a digital common place book | an @s_m_i production | one of a few

women who are anything less than modest about their accomplishments are harmed interpersonally. Men can also do themselves damage by being boastful, but we expect them to be aggressive. It hurts them far, far less than it hurts women.

Because of this bias, women will do better in organizations where managers are expected to advance the case for their people—where that’s the cultural norm.

- File under: reason 2025 why so-called ‘no hierarchy’ workplaces are often particularly difficult for women. More from the piece:

we’ve found that having an agent or advocate can be very helpful [in career or salary negotiations]
There are two benefits associated with having an agent when, say, you’re being considered or recruited for a position. One is that you’re perceived as more prestigious if someone is advocating for you. That’s the authority principle in action.
The liking principle also comes into play. If you have to be a broker of information about yourself, you often appear self-aggrandizing, and it rubs people the wrong way. In the research we did, we found that if an advocate for a candidate makes demands that are based on the candidate’s merits, it doesn’t harm the candidate. But if the candidate argues the very same case, it does. The people on the receiving end just don’t like that person, who comes off as a braggart.
This is especially relevant for women.

The Uses (and Abuses) of Influence - Harvard Business Review

A.A. was founded in 1935 by two men who believed that alcohol dependence could be tamed by regular attendance at group meetings with other recovering alcoholics. Its doctrine calls for members to tame their egos, abstain from all drinking and acknowledge they are in the grip of a force they can combat only with help from a “higher power.”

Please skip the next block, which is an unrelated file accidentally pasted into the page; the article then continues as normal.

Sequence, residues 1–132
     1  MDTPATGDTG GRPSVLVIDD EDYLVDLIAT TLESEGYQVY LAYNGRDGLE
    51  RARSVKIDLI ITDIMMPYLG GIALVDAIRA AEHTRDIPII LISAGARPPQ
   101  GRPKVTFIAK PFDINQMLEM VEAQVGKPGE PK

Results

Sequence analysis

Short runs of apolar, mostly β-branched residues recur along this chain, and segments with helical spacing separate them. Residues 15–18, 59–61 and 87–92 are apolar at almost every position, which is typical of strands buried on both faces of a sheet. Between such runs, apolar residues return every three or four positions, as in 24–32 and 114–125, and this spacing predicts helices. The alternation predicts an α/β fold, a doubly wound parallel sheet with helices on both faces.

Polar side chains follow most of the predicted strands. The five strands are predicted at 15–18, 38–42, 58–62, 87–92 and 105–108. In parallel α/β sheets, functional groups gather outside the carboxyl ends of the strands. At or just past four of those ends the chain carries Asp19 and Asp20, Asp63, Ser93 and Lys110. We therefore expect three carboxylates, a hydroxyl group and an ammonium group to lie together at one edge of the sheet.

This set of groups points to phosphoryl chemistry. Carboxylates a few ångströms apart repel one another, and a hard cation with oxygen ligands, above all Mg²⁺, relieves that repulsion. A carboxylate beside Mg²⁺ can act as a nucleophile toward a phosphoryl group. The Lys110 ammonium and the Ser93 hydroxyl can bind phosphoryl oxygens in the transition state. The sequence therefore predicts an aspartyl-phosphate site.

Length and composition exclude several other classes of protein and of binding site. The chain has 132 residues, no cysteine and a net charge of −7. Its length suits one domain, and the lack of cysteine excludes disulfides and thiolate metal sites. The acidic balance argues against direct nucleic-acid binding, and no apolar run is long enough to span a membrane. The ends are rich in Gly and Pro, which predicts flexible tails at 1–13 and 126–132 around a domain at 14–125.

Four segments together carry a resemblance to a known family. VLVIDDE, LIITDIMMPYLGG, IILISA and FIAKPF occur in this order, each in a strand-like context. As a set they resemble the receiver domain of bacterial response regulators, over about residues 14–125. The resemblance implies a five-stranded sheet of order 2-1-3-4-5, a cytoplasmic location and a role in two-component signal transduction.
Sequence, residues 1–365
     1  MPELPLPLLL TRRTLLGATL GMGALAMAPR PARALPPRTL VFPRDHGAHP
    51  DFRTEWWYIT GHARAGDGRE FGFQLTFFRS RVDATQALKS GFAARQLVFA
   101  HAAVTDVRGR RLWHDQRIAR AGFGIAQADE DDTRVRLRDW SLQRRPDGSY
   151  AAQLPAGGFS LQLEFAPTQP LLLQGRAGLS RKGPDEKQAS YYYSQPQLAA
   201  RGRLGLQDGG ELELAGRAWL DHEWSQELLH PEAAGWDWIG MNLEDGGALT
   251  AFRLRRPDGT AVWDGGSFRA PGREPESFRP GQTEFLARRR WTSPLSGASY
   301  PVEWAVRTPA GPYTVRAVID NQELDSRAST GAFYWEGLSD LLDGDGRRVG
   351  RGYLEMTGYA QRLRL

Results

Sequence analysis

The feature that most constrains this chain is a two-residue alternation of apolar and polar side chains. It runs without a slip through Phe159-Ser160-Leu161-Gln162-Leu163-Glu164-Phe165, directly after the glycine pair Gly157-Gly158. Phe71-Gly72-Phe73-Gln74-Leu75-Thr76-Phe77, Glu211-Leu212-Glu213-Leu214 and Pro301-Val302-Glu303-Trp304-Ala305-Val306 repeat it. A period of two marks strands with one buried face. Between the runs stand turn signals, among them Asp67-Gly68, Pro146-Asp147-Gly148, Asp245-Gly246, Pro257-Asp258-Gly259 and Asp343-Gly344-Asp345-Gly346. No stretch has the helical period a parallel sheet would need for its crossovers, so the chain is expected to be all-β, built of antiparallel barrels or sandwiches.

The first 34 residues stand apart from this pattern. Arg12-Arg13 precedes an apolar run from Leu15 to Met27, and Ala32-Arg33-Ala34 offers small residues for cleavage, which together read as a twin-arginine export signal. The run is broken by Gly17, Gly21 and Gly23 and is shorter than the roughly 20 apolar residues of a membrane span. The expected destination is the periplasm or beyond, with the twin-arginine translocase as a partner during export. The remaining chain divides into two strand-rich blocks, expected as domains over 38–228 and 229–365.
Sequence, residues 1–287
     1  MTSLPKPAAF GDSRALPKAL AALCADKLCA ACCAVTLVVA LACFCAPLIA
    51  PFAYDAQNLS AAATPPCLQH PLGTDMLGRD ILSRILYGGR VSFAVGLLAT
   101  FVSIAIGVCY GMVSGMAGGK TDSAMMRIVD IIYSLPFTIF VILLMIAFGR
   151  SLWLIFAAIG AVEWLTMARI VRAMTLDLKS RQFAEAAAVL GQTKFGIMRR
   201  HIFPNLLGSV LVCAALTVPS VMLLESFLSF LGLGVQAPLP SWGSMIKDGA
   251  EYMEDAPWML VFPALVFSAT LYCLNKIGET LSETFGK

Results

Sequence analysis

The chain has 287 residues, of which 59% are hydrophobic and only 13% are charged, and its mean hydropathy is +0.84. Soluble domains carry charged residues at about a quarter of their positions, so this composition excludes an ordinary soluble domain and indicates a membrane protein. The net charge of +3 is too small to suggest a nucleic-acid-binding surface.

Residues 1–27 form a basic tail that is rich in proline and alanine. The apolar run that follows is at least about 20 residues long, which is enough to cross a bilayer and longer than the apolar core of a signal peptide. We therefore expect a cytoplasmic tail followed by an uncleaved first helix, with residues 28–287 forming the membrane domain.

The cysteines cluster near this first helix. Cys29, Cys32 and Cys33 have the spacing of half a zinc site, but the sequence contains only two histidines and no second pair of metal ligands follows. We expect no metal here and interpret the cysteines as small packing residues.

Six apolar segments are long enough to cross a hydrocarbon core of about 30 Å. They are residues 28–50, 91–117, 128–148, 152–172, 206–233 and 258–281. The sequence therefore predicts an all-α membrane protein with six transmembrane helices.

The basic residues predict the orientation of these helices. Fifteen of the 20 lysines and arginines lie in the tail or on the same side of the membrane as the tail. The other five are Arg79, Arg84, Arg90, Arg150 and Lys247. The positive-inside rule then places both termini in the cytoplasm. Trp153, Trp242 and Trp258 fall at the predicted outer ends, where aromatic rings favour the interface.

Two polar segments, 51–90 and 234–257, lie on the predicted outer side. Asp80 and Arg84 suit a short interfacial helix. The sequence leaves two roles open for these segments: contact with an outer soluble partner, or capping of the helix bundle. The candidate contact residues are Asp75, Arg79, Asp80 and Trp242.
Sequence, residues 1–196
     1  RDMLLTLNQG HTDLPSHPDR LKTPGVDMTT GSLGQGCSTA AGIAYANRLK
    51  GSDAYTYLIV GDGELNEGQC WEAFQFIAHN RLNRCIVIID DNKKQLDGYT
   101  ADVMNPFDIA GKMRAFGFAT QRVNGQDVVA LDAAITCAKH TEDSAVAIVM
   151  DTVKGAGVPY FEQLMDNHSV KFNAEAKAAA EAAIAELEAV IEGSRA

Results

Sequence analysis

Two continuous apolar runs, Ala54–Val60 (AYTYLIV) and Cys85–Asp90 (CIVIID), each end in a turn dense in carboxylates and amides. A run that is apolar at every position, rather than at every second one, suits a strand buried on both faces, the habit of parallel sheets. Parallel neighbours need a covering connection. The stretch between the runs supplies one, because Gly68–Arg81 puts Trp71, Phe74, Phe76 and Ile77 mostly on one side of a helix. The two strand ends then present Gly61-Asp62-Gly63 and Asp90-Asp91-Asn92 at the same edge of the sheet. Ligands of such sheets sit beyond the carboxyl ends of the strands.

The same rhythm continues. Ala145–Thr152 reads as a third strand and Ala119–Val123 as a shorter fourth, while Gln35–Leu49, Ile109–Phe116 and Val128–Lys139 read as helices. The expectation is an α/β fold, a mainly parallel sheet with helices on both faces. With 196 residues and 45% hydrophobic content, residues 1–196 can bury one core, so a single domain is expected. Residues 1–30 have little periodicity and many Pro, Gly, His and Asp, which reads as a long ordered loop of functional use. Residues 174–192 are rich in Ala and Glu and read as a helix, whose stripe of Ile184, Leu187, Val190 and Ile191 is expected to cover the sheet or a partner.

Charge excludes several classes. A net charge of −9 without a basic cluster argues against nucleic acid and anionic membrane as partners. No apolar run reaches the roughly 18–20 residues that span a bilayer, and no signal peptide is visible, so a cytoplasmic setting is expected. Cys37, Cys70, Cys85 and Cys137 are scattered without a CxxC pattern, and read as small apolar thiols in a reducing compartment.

It doesn’t take an advanced degree in gender studies to realize that this approach—which has worked well for millions of people—may not be perfect for women whose biggest problem is not an excess of ego but a lack of it. Women are twice as likely to suffer from depression and anxiety as men—and are far more likely to medicate those conditions with alcohol.

Many women who drink heavily are also the victims of sexual abuse and have had eating disorders. The idea of being powerless can underscore a woman’s sense of vulnerability, researchers say. “Women need to feel powerful, not like victims of something beyond their control,” says Dr. Barnes. “It gives women power to feel they themselves can change.”

Twitter vs Female Protagonists in Video Games


Above is a tweet I made this afternoon in reaction to the fact that none of the games presented at Microsoft’s Xbox One E3 press conference featured female protagonists. Below are some of the Twitter replies to that observation which exemplify the male privilege and male entitlement endemic in the gaming community today. This is also a window into what it’s like to be a female video game critic on twitter.

1. @simplyflyinimage

2. @A_Hint_of_Shitimage

3. @Triosemimage

4. @DavidBostock93image

5. @Jamie_Breretonimage

6. @SethForsmanimage

7. @Beefheart82image

8. @AzEHeaD15image

9. @NickFuckypuimage

10. @JLB_esquireimage

11. @MathiasKaizerimage

12. @About20Donutsimage

13. @RogerLateralusimage

14. @izashid29image

15. @BEATandDELETEimage

16. @B_Razzimage

17. @twerk_king69image

18. @Epsilon_Fiveimage

19. @Spyrolicimage

20. @itwasagoodtimeimage

21. @JerkfaceMcGeeimage

22. @patq911image

23. @r0bz0rzimage

24. @JimPheeimage

25. @Pootslapimage

26. @Pokefan1223image

27. @Auriniimage

28. @yuttimage

29. @HennersQuackimage

30. @GabeAsterdimage

31. @MundaBricimage

32. @DoctorWatkinsimage

33. @xTheShad0wZimage